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Latitude: 52.4794 / 52°28'45"N
Longitude: -1.9071 / 1°54'25"W
OS Eastings: 406408
OS Northings: 286837
OS Grid: SP064868
Mapcode National: GBR 5Y9.T2
Mapcode Global: VH9YW.WYP4
Entry Name: Hall of Memory
Listing Date: 15 October 1997
Last Amended: 27 October 2014
Source: Historic England
Source ID: 1244943
English Heritage Legacy ID: 468884
Location: Birmingham, B1
Electoral Ward/Division: Ladywood
Parish: Non Civil Parish
Built-Up Area: Birmingham
Traditional County: Warwickshire
Lieutenancy Area (Ceremonial County): West Midlands
Church of England Parish: Cathedral Church of St Philip Birmingham
Church of England Diocese: Birmingham
War memorial. 1923-5, by S.N. Cooke and W. Norman Twist; bronze statuary and panels by Albert Toft and William Bloye.
MATERIALS: exterior of Portland stone on a granite base, with bronze statuary and doors. Interior in Beer stone
EXTERIOR: the Hall of Memory, a classical octagon, stands in Centenary Square in the centre of Birmingham. It has a heavy Doric entablature and attic, and a low dome. There are pedimented projections on the four long sides, that to the south-east forming the entrance. The short diagonal faces are set back, framing four bronze seated figures on Cornish granite pedestals by Albert Toft (1862-1949), a native of Handsworth, representing the Services. One, a bare-chested sailor in a crouching position and holding a coil of rope in one hand and a ship's wheel in the other, represents the Navy. Another bare-chested figure is of a soldier, representing the Army. He is also in a crouching position and rests his tin helmet on his left leg with his right hand on the barrel of a machine gun. The Air Force figure, again bare-chested and crouching, holds a blade and aerlions of an aircraft in his left hand. The fourth figure represents the Nursing Service and here a woman crouches down whilst holding a wreath in her left hand.
INTERIOR: visitors enter the Hall of Memory through huge cast bronze doors. Inside the Hall, which has a ribbed and coffered dome set below the outer one and Doric detailing, a sarcophagus-shaped dais or tomb of Siena marble stands in the centre of the marble floor. A glass and bronze casket made by the Birmingham Guild rests on its top containing two books: the First World War and Second World War Rolls of Honour. A third Roll of Honour contains the names of Birmingham citizens who have died in campaigns since the end of the Second World War. Marble paving and seats occupy the angles of the Hall with bronze flambeaux above.
Facing the main entrance is a stained-glass window with a cross designed by Richard Stubington (1885-1966). High on the walls over the three doorways are three carved Art Deco bas-relief plaques by William Bloye (1890-1975), a Birmingham sculptor, depicting scenes from the First World War. ‘Call’ shows men leaving home to join up; ‘Front Line’ represents a party of men in the firing line; ‘Return’ shows men, several badly wounded, returning to their homes. The plaques carry three inscriptions:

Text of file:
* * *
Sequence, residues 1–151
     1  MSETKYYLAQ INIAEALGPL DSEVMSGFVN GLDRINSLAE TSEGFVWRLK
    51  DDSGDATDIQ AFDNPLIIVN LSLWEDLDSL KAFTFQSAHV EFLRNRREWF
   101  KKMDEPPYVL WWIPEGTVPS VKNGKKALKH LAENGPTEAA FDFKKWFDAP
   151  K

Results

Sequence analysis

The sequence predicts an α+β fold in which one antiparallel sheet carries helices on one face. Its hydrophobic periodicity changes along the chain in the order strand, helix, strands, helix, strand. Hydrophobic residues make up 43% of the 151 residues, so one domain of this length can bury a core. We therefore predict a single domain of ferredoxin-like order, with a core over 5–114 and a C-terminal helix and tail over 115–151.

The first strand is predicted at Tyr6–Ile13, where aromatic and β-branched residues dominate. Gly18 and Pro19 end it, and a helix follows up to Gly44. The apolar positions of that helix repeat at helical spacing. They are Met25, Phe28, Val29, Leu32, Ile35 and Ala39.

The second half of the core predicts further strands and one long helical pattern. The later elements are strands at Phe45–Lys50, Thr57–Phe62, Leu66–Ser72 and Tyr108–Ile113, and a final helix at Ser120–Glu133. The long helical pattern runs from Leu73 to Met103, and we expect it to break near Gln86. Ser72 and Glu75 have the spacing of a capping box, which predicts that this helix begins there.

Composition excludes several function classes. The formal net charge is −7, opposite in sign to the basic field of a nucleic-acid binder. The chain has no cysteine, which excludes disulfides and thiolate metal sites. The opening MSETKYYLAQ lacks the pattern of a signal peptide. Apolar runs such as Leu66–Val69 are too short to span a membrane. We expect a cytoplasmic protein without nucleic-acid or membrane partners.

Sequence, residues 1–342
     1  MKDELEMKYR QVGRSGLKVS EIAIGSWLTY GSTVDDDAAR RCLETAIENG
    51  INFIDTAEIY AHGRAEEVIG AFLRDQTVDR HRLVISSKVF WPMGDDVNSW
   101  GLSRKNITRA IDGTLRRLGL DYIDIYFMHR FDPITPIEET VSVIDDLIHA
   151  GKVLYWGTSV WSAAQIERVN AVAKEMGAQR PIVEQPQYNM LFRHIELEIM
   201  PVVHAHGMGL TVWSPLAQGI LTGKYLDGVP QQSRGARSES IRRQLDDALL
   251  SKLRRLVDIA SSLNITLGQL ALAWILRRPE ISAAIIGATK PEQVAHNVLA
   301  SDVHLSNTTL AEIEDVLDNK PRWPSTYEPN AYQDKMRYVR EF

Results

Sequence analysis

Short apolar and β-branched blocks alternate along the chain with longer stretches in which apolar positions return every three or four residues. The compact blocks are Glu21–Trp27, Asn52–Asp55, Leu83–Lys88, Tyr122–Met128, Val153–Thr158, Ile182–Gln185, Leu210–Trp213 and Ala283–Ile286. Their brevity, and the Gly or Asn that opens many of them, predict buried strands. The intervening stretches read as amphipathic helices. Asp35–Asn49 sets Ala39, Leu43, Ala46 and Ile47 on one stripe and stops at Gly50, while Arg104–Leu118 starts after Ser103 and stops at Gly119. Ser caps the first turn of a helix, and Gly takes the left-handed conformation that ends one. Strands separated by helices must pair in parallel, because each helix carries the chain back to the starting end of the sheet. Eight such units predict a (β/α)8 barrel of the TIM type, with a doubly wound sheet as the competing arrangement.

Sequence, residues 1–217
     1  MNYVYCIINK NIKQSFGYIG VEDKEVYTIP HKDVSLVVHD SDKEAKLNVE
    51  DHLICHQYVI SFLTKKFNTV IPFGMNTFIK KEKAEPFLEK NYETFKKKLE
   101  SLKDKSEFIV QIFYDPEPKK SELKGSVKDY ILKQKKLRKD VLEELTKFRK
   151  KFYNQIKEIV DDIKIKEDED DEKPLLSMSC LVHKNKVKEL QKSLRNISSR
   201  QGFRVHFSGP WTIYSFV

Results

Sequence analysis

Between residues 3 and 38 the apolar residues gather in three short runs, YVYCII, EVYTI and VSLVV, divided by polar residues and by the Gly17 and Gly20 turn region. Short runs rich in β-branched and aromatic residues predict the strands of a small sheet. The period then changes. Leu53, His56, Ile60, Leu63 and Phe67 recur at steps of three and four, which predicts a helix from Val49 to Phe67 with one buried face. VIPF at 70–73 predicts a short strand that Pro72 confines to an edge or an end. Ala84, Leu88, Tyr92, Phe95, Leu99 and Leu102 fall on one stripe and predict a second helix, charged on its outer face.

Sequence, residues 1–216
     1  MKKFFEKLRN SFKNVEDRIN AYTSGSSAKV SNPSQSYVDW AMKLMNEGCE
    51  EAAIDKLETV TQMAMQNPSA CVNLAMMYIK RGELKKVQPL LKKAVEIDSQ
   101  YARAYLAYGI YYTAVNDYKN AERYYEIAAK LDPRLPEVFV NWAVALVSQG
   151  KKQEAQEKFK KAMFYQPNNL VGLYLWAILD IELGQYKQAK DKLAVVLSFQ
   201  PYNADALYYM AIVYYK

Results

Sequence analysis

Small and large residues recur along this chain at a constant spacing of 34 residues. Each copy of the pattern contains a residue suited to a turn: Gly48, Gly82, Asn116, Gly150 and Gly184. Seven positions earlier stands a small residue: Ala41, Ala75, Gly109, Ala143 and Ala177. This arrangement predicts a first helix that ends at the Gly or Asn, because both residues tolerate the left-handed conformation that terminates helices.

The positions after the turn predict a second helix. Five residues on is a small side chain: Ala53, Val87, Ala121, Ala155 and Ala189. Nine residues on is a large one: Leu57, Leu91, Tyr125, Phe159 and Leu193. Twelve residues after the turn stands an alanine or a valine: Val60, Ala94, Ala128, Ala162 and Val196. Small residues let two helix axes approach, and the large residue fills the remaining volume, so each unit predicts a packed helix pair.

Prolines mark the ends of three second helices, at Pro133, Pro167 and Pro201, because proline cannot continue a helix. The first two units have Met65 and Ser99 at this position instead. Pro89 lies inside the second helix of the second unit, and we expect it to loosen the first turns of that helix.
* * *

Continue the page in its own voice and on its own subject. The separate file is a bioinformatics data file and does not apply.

Panel 1: OF THE 150,000 WHO ANSWERED THE CALL TO ARMS / 12,320 FELL / 35,000 CAME HOME DISABLED
Panel 2: AT THE GOING DOWN OF THE SUN AND IN / THE MORNING WE WILL REMEMBER THEM
Panel 3: SEE TO IT THAT THEY SHALL NOT HAVE / SUFFERED AND DIED IN VAIN
This List entry has been amended to add sources for War Memorials Online and the War Memorials Register. These sources were not used in the compilation of this List entry but are added here as a guide for further reading, 18 January 2017.
During the First World War 150,000 men and women from Birmingham served; 12,320 were killed and 35,000 wounded. In 1920 a design competition among Birmingham architects (judged by Sir Reginald Blomfield) for a war memorial was won by S.N. Cooke and W. Norman Twist. Their winning design was The Hall of Memory. They also designed a Portland Stone (a material then new to Birmingham) colonnade which originally stood opposite it. That was moved to the Peace Gardens (formerly St Thomas’s church) in Bath Row when Centenary Square – intended as a grand civic space - began to be laid out soon after. The foundation stone was laid on 12 June 1923 by the Prince of Wales, and the Hall was opened by HRH Prince Arthur of Connaught on 4 July 1925. The overall cost was £60,000 which was raised entirely by public donations, and almost all the design and construction work, along with the memorial fittings, was by Birmingham craftsmen. The Hall was built by John Barnsley and Sons, and John Bowen and Sons.
The Hall of Memory, Birmingham, is listed at Grade I for the following principal reasons:
* Historic interest: as an eloquent witness to the tragic impacts of world events on this community, and the sacrifices it made in the conflicts of the C20;
* Architectural interest: as an unusual and ambitious architectural memorial to the city's war dead
* Sculptural: for the notable bronze figures of service personnel by Albert Toft;
* Setting: as a key element of Centenary Square, one of Birmingham's principal civic spaces.
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